Seth Barrett

Daily Blog Post: March 5th, 2023


Mar 5th, 2023

An Introduction to Racket: Exploring Data Structures, Functions, and Control Structures

Building on our introduction to Racket, in this post, we will explore some of the language's basic features and introduce new topics such as data structures, functions, and control structures. We will also provide some code examples to illustrate these concepts.

Data Structures

Racket provides several built-in data structures, including lists, vectors, and hash tables. Lists are perhaps the most commonly used data structure in Racket, and they can be created using the list function:

(define my-list (list 1 2 3))

Lists can be manipulated using a variety of functions, such as cons, which adds an element to the beginning of a list, and append, which concatenates two or more lists. Here's an example that demonstrates these functions:

(define my-list (list 1 2 3))
(define my-other-list (list 4 5 6))
(define my-new-list (append my-list (cons 0 my-other-list)))

In this example, we create two lists (my-list and my-other-list), and then we append my-list to a new list that begins with 0 and then contains my-other-list.


Functions are a fundamental concept in Racket, and they are defined using the define keyword. Here's an example of a simple function that takes two arguments and returns their sum:

(define (add a b)
    (+ a b))

This function can be called like this:

(add 1 2) ; returns 3

Functions can also have optional arguments and default values. Here's an example:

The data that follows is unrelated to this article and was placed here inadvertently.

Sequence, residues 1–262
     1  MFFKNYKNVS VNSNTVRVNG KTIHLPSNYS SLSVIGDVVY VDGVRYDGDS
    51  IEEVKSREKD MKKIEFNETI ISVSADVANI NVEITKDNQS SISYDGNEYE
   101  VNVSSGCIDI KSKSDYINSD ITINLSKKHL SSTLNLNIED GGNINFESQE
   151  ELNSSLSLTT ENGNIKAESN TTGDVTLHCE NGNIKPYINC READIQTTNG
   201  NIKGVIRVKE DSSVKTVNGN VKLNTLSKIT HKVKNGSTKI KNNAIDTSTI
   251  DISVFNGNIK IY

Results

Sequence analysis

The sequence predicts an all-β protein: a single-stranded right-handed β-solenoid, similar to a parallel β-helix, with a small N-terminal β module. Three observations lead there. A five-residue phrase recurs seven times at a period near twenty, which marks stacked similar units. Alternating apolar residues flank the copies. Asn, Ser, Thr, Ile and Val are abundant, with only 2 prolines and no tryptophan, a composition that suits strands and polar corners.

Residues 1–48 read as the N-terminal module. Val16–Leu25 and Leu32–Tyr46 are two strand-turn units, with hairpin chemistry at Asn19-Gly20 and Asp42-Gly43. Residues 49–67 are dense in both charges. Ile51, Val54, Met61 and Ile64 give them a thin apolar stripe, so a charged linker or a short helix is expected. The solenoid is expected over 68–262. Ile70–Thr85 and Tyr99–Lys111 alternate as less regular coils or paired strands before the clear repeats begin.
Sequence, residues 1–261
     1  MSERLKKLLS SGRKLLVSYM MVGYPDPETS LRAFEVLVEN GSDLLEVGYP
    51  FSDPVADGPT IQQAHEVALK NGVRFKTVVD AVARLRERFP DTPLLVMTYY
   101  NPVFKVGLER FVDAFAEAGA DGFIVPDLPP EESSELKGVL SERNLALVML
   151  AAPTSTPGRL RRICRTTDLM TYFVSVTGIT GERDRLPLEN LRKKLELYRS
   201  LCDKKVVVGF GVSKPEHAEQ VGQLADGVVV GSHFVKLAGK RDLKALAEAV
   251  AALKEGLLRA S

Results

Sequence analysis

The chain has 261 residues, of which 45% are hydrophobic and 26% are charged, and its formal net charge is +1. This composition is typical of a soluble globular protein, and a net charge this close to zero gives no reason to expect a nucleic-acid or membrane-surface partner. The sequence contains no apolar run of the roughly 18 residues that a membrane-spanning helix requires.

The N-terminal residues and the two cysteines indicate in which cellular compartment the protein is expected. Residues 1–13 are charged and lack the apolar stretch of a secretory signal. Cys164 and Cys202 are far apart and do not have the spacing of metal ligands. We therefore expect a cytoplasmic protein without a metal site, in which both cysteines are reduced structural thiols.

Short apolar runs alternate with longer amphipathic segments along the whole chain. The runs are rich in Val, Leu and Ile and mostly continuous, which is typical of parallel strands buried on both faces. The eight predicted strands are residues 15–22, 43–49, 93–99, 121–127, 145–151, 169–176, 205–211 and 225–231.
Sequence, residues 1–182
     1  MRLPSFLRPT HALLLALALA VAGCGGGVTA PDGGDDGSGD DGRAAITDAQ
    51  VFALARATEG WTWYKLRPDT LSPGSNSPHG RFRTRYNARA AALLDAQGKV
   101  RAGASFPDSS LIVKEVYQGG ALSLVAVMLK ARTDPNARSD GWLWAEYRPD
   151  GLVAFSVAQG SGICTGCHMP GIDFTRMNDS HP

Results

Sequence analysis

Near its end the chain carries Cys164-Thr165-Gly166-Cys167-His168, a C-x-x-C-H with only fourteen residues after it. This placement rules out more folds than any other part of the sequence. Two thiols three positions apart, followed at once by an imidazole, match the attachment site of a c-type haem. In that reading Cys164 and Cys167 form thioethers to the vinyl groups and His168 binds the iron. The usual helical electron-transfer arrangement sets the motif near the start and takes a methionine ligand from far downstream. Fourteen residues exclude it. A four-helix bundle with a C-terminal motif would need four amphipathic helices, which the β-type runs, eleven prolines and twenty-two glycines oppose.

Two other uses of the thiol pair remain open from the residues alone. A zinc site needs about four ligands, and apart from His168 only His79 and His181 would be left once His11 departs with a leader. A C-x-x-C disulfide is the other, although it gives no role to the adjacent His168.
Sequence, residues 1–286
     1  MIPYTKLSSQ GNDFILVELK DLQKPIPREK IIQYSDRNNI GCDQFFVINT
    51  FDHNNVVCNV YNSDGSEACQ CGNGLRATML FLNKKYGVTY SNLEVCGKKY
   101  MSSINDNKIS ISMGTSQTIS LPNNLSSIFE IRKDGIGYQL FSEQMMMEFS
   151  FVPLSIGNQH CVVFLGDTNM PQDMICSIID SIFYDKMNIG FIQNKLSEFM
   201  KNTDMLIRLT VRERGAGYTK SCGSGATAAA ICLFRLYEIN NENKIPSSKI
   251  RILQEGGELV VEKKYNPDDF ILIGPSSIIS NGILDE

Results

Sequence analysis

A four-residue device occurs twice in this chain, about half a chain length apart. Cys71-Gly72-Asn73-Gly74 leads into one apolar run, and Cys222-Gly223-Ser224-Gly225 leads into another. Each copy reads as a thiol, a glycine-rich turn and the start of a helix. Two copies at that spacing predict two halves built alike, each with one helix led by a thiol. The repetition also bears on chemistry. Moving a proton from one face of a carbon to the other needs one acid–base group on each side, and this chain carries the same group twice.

(define (multiply a b #:c [c 1])
    (* a b c))

This function takes two required arguments (a and b) and one optional argument (c). If c is not provided, it defaults to 1. The #:c syntax is used to specify the optional argument.

Control Structures

Racket provides several control structures for controlling the flow of execution in a program. The most commonly used control structures are if, cond, and case. Here's an example of an if statement:

(define (is-positive x)
    (if (> x 0)

This function takes a number x as an argument and returns #t if x is greater than 0, and #f otherwise.

Here's an example of a cond statement:

(define (check-grade grade)
      [(>= grade 90) "A"]
      [(>= grade 80) "B"]
      [(>= grade 70) "C"]
      [(>= grade 60) "D"]
      [else "F"]))

This function takes a grade as an argument and returns a letter grade based on the following scale: 90-100 is an A, 80-89 is a B, 70-79 is a C, 60-69 is a D, and anything below 60 is an F.


In this post, we've covered some basic features of Racket, including data structures, functions, and control structures. We've also provided some code examples to illustrate these concepts. In the next post, we will dive deeper into Racket's functional programming capabilities, including higher-order functions and closures.